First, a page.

"My heart is at peace. I feel quite relieved," Ai said, in an exclusive interview with CNN in Beijing.
"Every human or citizen needs -- if they travel -- they need a passport. And mine [was] taken away with no clear reason. And now it's back."
The artist, modestly dressed in shorts and an untucked, buttoned-down blue shirt, spoke at the galleries in Beijing where he says he's been displaying his first solo exhibit in the country of his birth.
"I never really exhibited in China -- never really put out a show by myself," he said.
The current exhibit consists of the enormous wooden pillar and beams of a massive, four-century old family assembly hall, which Ai said he discovered collapsed into ruins in China's southern Jiangxi province.
He deliberately split the massive installation into two neighboring galleries.
"The idea is you can never see the total piece... it only either exists in your imagination or in your memory," he said, standing dwarfed beneath the old house's towering timbers.
China's art boom
The exhibit is being displayed in Beijing's "798," a sprawling neighborhood of scores of art galleries sprouted up in what was once a grim factory district. The art hub stands as a symbol of the contemporary art boom China has enjoyed, as its economy has surged in recent decades to become the second largest in the world.
Ai's round, bearded face is the most internationally-recognized representative of China's contemporary art scene. But at home, authorities have censored and shut down much of his activity online, presumably because of his outspoken criticism of the Chinese government.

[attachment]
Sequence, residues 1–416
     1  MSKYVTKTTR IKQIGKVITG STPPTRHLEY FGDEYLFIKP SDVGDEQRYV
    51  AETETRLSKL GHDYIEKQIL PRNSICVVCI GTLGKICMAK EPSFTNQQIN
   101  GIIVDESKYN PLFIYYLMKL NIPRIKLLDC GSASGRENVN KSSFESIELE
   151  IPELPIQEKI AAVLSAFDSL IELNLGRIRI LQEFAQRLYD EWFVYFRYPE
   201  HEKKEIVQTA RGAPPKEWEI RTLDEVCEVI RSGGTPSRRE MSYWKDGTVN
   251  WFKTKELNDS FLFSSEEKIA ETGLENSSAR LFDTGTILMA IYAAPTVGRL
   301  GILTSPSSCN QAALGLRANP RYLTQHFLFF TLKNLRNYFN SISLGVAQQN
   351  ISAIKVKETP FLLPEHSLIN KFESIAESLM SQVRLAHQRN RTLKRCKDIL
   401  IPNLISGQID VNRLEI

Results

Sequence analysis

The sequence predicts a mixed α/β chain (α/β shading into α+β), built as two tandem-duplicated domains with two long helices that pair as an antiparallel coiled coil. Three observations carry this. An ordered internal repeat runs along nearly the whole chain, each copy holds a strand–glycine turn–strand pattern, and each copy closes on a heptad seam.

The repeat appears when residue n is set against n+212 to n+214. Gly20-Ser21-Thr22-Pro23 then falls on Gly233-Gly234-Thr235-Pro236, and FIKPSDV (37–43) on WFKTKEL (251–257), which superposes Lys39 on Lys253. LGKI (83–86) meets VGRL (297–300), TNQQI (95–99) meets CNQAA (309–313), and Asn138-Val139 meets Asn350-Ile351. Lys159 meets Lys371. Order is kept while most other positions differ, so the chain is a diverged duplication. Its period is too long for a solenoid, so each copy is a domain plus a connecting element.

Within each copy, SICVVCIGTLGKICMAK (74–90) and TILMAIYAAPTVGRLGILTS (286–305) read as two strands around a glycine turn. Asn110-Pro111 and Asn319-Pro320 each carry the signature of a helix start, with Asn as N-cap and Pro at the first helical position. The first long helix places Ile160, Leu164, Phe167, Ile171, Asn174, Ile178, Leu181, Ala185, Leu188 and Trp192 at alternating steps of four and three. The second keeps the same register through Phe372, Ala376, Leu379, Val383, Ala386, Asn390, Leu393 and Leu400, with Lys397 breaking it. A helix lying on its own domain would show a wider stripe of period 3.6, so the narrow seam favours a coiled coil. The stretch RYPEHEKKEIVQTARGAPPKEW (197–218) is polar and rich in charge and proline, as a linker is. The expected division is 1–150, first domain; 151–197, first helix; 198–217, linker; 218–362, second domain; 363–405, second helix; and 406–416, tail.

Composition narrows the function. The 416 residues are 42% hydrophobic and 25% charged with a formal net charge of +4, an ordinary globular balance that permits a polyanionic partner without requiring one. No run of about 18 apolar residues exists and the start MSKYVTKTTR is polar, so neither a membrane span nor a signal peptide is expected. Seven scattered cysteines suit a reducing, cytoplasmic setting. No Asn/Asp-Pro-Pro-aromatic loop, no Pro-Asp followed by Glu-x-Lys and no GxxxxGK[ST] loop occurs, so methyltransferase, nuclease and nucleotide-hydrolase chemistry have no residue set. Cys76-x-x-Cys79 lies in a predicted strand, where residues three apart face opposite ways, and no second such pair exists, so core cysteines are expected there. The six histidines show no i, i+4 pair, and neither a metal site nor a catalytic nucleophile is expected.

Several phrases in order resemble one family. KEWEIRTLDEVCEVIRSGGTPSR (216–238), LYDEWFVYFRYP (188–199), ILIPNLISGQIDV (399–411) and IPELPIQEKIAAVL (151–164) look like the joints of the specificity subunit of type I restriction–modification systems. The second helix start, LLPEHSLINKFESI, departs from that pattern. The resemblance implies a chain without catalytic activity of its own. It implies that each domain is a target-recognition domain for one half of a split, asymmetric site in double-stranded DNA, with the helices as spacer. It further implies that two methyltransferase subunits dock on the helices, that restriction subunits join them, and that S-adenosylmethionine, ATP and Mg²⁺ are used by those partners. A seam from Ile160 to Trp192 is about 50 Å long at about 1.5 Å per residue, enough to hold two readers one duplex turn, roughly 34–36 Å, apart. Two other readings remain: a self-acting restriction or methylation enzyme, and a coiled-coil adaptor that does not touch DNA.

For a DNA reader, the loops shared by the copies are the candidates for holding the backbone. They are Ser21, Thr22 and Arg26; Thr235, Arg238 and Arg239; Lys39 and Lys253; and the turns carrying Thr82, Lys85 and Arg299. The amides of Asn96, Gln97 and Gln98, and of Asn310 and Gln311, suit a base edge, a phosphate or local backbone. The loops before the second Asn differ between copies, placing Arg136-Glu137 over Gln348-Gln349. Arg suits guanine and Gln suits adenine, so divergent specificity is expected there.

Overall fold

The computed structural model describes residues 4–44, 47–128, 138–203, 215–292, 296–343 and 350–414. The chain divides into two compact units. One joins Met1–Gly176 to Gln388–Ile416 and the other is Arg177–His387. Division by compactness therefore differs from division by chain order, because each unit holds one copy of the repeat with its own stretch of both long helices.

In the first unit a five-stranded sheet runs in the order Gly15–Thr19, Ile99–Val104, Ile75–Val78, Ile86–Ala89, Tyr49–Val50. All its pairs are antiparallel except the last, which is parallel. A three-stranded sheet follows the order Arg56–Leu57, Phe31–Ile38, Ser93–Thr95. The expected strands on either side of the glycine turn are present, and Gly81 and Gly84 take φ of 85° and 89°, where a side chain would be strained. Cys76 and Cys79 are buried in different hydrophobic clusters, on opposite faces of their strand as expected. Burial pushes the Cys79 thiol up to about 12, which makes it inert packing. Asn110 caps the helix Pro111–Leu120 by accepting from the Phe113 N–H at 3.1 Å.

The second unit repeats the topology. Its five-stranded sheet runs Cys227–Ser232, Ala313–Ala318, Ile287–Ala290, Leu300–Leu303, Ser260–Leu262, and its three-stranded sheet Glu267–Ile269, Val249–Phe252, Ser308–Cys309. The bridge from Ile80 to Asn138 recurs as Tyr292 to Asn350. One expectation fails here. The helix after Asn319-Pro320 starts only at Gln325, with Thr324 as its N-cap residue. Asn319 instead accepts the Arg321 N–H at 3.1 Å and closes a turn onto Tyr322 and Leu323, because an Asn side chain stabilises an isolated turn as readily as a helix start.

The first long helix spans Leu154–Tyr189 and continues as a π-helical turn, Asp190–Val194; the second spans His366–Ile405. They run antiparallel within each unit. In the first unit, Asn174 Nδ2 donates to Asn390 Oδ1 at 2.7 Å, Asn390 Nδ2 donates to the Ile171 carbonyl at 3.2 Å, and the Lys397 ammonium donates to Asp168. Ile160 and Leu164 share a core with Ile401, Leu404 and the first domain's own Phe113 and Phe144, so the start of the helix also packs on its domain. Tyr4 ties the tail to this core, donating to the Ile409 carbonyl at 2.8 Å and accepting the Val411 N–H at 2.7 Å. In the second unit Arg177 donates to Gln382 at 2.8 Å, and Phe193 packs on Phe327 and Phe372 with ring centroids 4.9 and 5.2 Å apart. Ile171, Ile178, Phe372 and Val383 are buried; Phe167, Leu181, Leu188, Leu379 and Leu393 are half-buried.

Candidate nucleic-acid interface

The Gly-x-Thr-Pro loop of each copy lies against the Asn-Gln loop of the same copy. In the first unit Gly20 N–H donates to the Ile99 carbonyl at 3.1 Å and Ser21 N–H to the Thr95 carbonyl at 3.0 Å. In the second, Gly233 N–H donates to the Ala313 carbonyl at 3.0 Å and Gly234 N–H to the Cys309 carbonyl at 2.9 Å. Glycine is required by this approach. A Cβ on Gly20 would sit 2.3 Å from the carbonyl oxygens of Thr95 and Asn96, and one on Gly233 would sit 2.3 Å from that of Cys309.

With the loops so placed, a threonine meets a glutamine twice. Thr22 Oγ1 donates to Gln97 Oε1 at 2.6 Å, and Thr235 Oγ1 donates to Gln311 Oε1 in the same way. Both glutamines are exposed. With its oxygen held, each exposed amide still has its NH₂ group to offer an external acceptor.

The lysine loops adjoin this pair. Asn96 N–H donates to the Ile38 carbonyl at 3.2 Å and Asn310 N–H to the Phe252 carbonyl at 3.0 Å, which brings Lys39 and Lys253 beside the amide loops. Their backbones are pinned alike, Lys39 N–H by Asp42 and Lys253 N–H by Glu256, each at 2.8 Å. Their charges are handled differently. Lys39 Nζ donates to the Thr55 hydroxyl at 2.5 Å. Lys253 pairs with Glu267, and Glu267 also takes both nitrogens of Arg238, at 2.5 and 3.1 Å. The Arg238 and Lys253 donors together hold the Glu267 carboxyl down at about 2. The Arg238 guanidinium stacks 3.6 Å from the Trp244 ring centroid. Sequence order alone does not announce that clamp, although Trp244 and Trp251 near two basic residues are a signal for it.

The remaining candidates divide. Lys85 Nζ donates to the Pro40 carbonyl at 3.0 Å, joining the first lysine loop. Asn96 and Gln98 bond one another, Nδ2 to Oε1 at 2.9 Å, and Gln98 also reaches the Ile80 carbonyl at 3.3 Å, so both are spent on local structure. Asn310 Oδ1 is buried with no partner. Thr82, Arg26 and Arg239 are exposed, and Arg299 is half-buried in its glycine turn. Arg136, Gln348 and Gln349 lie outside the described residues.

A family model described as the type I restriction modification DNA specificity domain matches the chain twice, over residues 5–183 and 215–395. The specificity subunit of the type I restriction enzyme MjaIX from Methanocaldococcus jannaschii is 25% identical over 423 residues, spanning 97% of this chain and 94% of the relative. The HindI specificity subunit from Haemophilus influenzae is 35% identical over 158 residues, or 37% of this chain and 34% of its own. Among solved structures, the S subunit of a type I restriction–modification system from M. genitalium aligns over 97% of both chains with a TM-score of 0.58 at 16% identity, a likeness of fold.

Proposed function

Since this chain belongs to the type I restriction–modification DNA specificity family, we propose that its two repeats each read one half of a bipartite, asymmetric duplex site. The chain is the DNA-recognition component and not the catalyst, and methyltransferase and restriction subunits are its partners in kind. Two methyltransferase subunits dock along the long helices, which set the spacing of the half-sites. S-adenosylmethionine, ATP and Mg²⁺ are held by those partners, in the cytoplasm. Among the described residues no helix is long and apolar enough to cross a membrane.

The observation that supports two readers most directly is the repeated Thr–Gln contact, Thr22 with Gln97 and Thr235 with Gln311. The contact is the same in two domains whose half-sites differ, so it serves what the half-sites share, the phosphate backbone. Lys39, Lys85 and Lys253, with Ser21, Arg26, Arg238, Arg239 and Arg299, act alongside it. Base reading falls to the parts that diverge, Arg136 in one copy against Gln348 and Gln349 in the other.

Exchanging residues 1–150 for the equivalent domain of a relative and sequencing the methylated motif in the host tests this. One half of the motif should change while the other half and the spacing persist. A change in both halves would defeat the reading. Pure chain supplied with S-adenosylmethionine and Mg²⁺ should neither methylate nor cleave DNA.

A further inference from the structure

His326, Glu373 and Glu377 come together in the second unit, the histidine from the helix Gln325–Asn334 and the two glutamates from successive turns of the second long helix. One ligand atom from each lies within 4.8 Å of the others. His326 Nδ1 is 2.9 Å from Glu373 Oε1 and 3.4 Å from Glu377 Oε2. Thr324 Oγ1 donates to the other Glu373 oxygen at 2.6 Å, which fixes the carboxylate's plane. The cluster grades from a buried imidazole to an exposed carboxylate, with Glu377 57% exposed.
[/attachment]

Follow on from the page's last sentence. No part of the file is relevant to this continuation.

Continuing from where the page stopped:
In 2011, security forces detained Ai at the airport in Beijing when he was about to fly to Hong Kong. He was subsequently jailed for 81 days, accused of tax evasion. His passport was also taken from him.
Upon his release, the artist was unrepentant. He released a music video mocking the guards and their mistreatment of him in prison, and erected security cameras that provided a live video stream of his house, in a bid to mock the extensive monitoring he was subjected to by state security.
In his interview on Thursday, Ai appeared far less combative.
He said he thinks the government is showing new tolerance towards him personally, by allowing the Beijing exhibit to proceed and by lifting the de facto travel ban.
But he insisted he would not censor his critique of aspects of modern China.
He said the exhibit in Beijing had an important message.
"It represents the loss of the old China," Ai said, looking up into the wooden rafters of the old building. "The aesthetics or the morals and philosophy of the whole society has completely disappeared. And this building represents that kind of condition."